Growing up I remember praying to God that he would answer all sorts of prayers, from a sick relative to a $25,000 prize in a yogurt box so I could buy all the toy guns I could afford. Later when I became an evangelical I had my view of God cemented that he could do whatever he wanted, especially if I prayed for it. This view of an all powerful God is a stronghold on your whole life. What I mean by that is that sometimes you even make excuses for your lack of action, or even understanding of a situation as “God has better plans for me.”

This view took was questioned by me when I came to Chicago to attend school here. I soon realized that the reason why I felt God was in control of my whole life was that in my small town I could manipulate the people I hung around and how they acted around me. Here in the city there is almost no control over that, especially when it comes to disagreements in beliefs. This led me on a long journey to my continued beliefs today.

The reason I want to write about this is because this affects so many parts of your life. from your views of the rest of theology to the amount of social justice you do in your life (which I also throw in normal day-to-day decisions in this as well). So many people have a view that God is basically a religious version of Santa Claus; from answering prayers if we are morally good to getting to go to a special place when we die (assuming we have followed all the rules).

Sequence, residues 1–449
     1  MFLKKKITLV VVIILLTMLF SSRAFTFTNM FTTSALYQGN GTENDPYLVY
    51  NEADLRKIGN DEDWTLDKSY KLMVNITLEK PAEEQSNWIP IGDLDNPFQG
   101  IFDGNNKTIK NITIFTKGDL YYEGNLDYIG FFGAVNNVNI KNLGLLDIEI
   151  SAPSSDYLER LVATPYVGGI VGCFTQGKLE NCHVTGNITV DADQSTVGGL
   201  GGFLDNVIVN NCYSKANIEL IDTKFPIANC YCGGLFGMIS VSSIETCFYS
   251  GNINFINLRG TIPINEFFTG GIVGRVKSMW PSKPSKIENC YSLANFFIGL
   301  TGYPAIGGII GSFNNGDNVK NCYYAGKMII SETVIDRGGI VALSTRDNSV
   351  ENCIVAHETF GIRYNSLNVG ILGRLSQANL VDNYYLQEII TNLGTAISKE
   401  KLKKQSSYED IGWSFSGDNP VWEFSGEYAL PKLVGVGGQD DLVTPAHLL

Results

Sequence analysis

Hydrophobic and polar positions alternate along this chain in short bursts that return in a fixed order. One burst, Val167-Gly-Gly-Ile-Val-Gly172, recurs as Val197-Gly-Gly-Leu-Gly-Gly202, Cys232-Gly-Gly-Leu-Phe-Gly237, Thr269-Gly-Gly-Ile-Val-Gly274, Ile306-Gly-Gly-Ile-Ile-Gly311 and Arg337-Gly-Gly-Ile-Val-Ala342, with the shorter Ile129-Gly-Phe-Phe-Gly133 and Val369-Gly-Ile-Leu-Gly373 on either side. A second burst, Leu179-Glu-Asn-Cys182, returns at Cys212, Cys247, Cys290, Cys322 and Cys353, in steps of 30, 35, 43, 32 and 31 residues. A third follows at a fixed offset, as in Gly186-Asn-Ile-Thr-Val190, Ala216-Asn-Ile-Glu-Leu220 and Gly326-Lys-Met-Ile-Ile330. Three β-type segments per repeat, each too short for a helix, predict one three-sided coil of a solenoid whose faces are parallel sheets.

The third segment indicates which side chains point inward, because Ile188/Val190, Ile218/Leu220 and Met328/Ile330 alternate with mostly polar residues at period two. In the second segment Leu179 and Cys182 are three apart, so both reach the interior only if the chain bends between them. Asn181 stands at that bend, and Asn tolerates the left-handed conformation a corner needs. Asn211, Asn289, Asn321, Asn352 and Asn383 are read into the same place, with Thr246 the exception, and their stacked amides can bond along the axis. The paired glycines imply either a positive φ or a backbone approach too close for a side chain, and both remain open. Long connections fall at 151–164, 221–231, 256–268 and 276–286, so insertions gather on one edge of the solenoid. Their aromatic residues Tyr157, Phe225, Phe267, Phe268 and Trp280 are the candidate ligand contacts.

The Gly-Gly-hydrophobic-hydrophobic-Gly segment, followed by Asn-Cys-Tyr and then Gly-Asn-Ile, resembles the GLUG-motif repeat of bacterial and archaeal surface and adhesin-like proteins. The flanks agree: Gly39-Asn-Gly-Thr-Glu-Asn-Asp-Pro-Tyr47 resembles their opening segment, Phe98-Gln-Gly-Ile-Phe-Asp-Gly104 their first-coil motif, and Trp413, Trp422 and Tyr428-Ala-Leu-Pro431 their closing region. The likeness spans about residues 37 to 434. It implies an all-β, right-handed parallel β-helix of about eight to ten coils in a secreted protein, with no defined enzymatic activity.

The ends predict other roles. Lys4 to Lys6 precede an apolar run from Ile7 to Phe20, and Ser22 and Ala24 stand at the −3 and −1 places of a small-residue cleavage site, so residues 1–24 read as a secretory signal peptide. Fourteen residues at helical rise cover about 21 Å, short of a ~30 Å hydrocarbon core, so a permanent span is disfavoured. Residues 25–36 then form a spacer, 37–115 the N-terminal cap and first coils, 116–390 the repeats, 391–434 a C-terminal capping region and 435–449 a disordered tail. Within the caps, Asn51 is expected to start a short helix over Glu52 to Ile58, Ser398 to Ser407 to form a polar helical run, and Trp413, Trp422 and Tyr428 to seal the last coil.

We live in a 21st century world where an infinite amount of discoveries has revealed a world that doesn’t run as smoothly as we once thought it did. From natural laws to common cures for illnesses, areas that were once reserved for divine authority alone have been found to have perfectly natural explanations.

However, the most damning news to the old view of God was the Holocaust. The old excuses for attempting to explain away the ideas of suffering (it’s there to make us stronger, God gives us free will) is completely useless against such as offensive travesty of human lives. There is no excuse one can use to explain why it would be okay to allow such a thing to happen to one’s children.

This leads us to ponder new questions. Many people have attempted to solve this apparent problem of divine omnipotence (or any of the other “omni’s” for that matter) by simply stating that there is no God. I personally do not think it is this simple of an issue. The reason why I say this is that we all experience times when we feel in awe of something outside of ourselves. For example, every time I go back home and walk through Ohiopyle State Park I am in awe of my surroundings. This basic awe is what I would call the Divine. It is nothing external from experience of human life, but at the very center of it.

If we could get past our understanding of the Divine, then we could quit with our “spiritual” excuses for not doing good (“I’ll pray for you”) and get down to actually doing good. It would also allow us to stop looking for magic to come save us but rather look for the divine in and around us and do the saving as a human community. When we do this, I think we will see that we find our failures are all to human, and the answers are human as well.